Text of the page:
Next, the FCA Policy[152] also allows companies to financially reorganize themselves in a less cumbersome manner, by engaging in certain substantial transactions specified in the Listing Rules,[153] relating to significant disposals of assets. Such disposals may be a way of restructuring companies during difficult times as liabilities and expenses can be shed. It may be imperative for companies to be able to finalize their deals quickly, and such efficacy can be affected by the need for companies to seek general meeting approval for these under Listing Rules. Companies can now apply for a dispensation for general meetings, avoiding the cumbersome procedures and time required for conducting general meetings. The dispensation of general meetings is granted on a case-by-case basis, and issuers would have to provide evidence that shareholders would have voted in favour of such a resolution if a general meeting had taken place. Such dispensation is arguably sensible as social distancing during the COVID-19 crisis would make it difficult for general meetings to be physically convened. However, companies could virtually convene such meetings. The FCA’s policy in favour of allowing dispensations possibly caters more for timeliness needs on companies’ part.

Companies applying for dispensation can provide evidence that they have secured written undertakings from sufficient shareholders to indicate their support for the resolution either ahead of the issuer publishing a circular for the market generally, or after such a circular has been published. The FCA emphasized the temporary and extraordinary nature of such dispensation. Further, the need to apply to the FCA for dispensation means that regulatory discretion can be perceived by investors as a form of gatekeeping at a time where investor protection based on normally expected procedures is suspended.

In parallel, the FCA[154] has also provided temporary relief for listed companies in relation to normal compliance obligations to maintain efficient capital markets, to publish their audited annual financial reports. The FCA package of measures includes: (1) delaying the filing of accounts by companies; (2) postponing auditor tenders and audit partner rotation; (3) reducing Financial Reporting Council (FRC) demands on companies and audit firms; and (4) extending reporting deadlines for public sector bodies.[155] Although these measures disrupt expectations in capital markets for timely and accurate information, companies may not be in a position to offer such reporting in highly uncertain times, and short-termist information may be distortive in itself. Policymakers emphasize that the quality of transparency should continue to be robust,[156] but it is uncertain how such quality can be readily assessed in extraordinary and highly dynamic times. Companies are caught in a difficult position, as taking advantage of reliefs and regulatory suspensions may give rise to disfavor with investors. Delayed general meetings[157] and uncertain quality in annual reports can adversely affect the fundraising hopes of companies too.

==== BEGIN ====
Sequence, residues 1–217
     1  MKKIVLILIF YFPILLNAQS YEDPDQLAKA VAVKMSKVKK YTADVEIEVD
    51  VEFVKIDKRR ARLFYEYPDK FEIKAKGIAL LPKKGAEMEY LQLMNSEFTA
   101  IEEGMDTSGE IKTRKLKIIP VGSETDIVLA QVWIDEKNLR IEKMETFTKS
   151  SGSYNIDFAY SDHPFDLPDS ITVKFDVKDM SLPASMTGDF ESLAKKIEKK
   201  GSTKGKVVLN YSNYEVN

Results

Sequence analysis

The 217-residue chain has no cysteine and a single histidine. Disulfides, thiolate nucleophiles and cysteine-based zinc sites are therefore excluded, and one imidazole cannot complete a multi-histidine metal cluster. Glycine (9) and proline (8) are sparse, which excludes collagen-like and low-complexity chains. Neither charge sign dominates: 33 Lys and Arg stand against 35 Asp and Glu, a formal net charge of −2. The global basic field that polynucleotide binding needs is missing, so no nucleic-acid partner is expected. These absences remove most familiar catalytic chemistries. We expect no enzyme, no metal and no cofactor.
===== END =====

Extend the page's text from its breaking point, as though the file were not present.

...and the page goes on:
We provide critical reflections below on the achievements as well as the unintended and adverse consequences that may entail from the capital markets regulatory suspensions discussed. We argue that, just as regulatory suspensions that apply to banks in effect result in delegated implementation to banks, so too regulatory suspensions in capital markets regulations allow the market to price and select companies. The outworking of market forces is not necessarily consonant with social appetite for “saving” companies or jobs. Further, just as deeper regulatory engagement with longer-term and broader effects of regulatory suspensions seems missing in the regulatory suspensions applicable to the regulation of credit, we suggest that more radical regulatory engagement and policy thinking may be needed if injection of equity into companies is viewed as socially desirable.

A. Analysis on Treatment of Preemption Rights

The extended suspension of preemption rights up to 20 percent of issued share capital is not exactly a regulatory suspension, as it is recommended market practice by the PEG to investors on a case-by-case basis. Its status is more like soft law, with the FCA’s endorsement not exactly a form of legalization but rather a reinforcing signal of legitimacy and a nudge directed to investors.[158]

Although preemption rights are regarded as an aspect of mandatory “shareholder protection” in UK company law, their exact implementation is subject to tailoring between companies and their shareholders in relation to pre-authorizations, disapplications, and constitutional provisions. This is often referred to as the “enabling” aspect of company law that is ideologically supported for its efficiency effects regarding the allocation of governance rights between voluntarily bargaining parties.[159] It may be argued that in the United States, the enabling effects of company law are realized in terms of the non-mandatory nature of the doctrine of preemption rights. The United Kingdom’s preemption rights regime is mandatory and not enabling law. However, there are different shades of enabling law, in terms of the extent of discretion given for private agreements between companies and their shareholders.[160] As the United Kingdom allows negotiated exclusion or disapplication of preemption rights between shareholders and their companies,[161] preemption rights may be regarded as a default rule but one that can be characterized as ‘strong default’ given that deviating from the rule requires special procedures and is subject to a time limitation of five years, which discourages too much flexibility.[162]